Notre Dame head coach Brian Kelly released the seasons initial depth chart and spoke about the team during a Monday press conference of the seasons first game week.
First, we made it, the season is here! Second, we finally have confirmation from Brian Kelly about where the team is and what we can expect heading into next Saturday’s opener against Duke.
Before getting into the particulars of the depth chart itself, it’s important to note the run up to the season was obviously a bit unorthodox this year with players missing practice due to COVID/contact tracing events. Because we don’t know who missed practice and how many practices were missed, we can’t know for sure how much COVID played a role in affecting who is starting where.
That said, let’s break this down a bit.
The Core Of The Team Is Intact
Quarterback Ian Book is listed as the starter and the projected starters on the offensive and defensive lines (plus their key backups) are right where you’d expect them to be. While this is unsurprising it also very important. Aside from COVID, players get lost to injury all the time in fall camp, and it appears Notre Dame has been able to avoid that here.
Good teams are built at quarterback and on both lines, three of Notre Dame’s greatest strengths in 2020. If want a reason to be optimistic about the season, these position groups are the place to find it.
Youth At Running Back
Redshirt freshman Kyren Williams has earned the starting role with true freshman Chris Tyree listed as the first backup. I’ve written about both players this offseason and this is a very good development in my eyes. They provide the best mix of natural running ability, versatility, athleticism, and big-play potential. They are also the team’s highest-rated running backs. This is what they were recruited for. Combined with the veteran offensive line, they should be set up for success in week 1 and beyond.
Surprises At Wide Receiver
The receiver depth chart definitely raised some eyebrows with the listed starters being Ben Skrowronek, Javon McKinley, and Avery Davis with Braden Lenzy backing up McKinley and Lawrence Keys backing up Davis.
There had been some talk about COVID affecting the receiver room, which could explain Lenzy and Keys being listed at backups, because otherwise it’s head scratching. These aren’t exactly inexperienced players and Lenzy is the teams most proven playmaker returning on offense. And Lenzy has done it against some of the best teams on the schedule, from multiple positions. This isn’t a knock on McKinley, who reportedly has had a very good camp, but Lenzy’s potential is immense. McKinley is the type of player that can help the team win. Lenzy is the type of player that can be the reason the team wins. Heck, I wrote a piece that Notre Dame should build their offense around him, so to see him in a non-starters role is surprising to say the least. We’ll see how that plays out.
As far as Davis over Keys, we have to believe that Davis has done things in practice not yet seen in games. Aside from New Mexico, Davis hasn’t exactly shown much and we’ve seen Keys perform as a starter and kick returner in every contest last season. This is another one to keep an eye on.
Another Surprise At Buck Linebacker
The buzz the last couple of weeks was Jordan Genmark Heath and Jack Lamb were going to be the players at Buck for the defense with the former being a run down player and the latter taking over on passing downs, as he did last season. To quote the immortal Lee Corso, not so fast my friends.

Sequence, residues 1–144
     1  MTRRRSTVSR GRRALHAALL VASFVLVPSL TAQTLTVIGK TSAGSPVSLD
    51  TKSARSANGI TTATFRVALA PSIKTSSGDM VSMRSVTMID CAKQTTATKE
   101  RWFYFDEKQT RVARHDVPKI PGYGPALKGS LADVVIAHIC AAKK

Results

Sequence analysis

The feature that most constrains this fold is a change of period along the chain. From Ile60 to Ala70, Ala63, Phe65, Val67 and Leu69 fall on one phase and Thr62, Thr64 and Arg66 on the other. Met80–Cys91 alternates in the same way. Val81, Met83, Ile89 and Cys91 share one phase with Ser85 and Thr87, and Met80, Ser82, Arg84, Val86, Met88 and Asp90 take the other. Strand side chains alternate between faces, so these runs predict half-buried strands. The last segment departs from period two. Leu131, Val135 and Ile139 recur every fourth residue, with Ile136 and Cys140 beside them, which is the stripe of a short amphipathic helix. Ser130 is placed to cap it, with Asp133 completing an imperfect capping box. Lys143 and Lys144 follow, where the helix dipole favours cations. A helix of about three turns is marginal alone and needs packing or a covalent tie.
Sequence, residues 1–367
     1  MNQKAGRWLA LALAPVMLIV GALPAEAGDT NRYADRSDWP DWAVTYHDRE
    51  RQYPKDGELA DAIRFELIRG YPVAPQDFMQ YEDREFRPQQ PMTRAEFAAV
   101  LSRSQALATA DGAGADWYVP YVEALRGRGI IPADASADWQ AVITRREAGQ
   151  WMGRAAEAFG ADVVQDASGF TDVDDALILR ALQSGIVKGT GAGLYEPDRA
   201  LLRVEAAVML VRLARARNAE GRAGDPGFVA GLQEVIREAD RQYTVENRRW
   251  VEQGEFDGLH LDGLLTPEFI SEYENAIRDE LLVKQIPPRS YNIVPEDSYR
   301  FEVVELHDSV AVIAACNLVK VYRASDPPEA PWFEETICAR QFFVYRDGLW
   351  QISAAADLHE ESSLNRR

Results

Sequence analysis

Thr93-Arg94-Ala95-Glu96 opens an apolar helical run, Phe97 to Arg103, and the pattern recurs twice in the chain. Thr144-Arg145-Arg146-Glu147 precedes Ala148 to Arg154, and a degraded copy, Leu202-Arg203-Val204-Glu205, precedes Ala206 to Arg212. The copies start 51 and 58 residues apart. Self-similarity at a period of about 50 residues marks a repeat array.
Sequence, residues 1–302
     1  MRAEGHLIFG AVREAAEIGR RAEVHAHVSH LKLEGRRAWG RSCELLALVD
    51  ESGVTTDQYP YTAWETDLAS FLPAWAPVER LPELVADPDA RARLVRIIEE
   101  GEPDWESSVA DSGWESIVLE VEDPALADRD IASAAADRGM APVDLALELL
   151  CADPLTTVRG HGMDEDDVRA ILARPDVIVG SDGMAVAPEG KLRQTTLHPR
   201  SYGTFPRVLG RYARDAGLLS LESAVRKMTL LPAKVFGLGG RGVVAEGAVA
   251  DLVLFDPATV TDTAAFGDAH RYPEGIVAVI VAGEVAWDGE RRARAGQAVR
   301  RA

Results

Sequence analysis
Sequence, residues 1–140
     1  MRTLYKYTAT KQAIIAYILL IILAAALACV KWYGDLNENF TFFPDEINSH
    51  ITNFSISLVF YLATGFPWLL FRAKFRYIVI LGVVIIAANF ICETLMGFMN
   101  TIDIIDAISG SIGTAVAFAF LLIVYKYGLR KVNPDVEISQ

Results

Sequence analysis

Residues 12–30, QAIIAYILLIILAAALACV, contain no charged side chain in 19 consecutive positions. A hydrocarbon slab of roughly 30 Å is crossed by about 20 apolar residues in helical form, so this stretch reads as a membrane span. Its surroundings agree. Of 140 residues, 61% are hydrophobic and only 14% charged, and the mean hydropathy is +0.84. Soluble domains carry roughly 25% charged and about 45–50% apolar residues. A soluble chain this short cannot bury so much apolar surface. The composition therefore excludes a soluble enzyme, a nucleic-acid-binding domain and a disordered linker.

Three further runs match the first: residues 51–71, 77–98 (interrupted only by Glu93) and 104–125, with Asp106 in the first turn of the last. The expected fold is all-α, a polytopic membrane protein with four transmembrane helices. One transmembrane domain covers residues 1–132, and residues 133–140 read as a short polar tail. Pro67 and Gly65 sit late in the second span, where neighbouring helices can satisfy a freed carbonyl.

Shayne Simon and Marist Liufau were listed as the co-starters today, probably with a similar arrangement. Simon entered with a lot of fanfare as a very highly recruited player, but it took him some time to get his feet under him and to find a position. If he has done that now, playing alongside JOK and Drew White should certainly give him comfort and free him up to be a playmaker. Liufau has been highly thought of since he arrived on campus last summer and he’s apparently parlayed his athleticism into a role on the team. Between those two players and the incumbent starters White and Owusu-Koramoah, maybe the talk of this team being one of the fastest ever at Notre Dame wasn’t so outlandish after all.
Shortly after the depth chart we released, we learned that Genmark-Heath has decided to finish his academic career at Notre Dame this fall and then pursue other opportunities in football. He will not be apart of the Fighting Irish roster this fall.
Freshman Clarence Lewis Surging At Corner
In another pretty big shocker, true freshman Clarence Lewis might very well win the field corner job over presumed starter TaRiq Bracy. Brian Kelly spoke of Lewis today in comparison to Keivarae Russell in 2012, and I need not remind you Russell was a 13 game starter for that eventual 12-1 defensive outfit. If Lewis is performing at that level then Bracy has to be playing at a very high clip to beat him out, which is great for the defense as a whole and the cornerback group specifically.
The Shaun Crawford/Kyle Hamilton Safety Combo Lives
Shaun Crawford’s name was listed first on the depth chart under strong safety, so he will be joining Hamilton on the back end, opening up a number of possibilities for the defense. Kelly said Crawford was initially moved to safety for packages and then he went and won the position outright. Say what you want about Shaun Crawford, the young man will not be held down. I imagine this move was made easier by the emergence of Clarence Lewis at corner, making the five best defensive backs Nick McCloud, Lewis, Bracy, Hamilton, and Crawford. Meaning when Notre Dame brings five defensive backs onto the field, it’ll be four corners and Kyle Hamilton who doesn’t give up receptions. Oh and Jeremiah Owusu-Koramoah. Did you feel a tingle down your spine as well?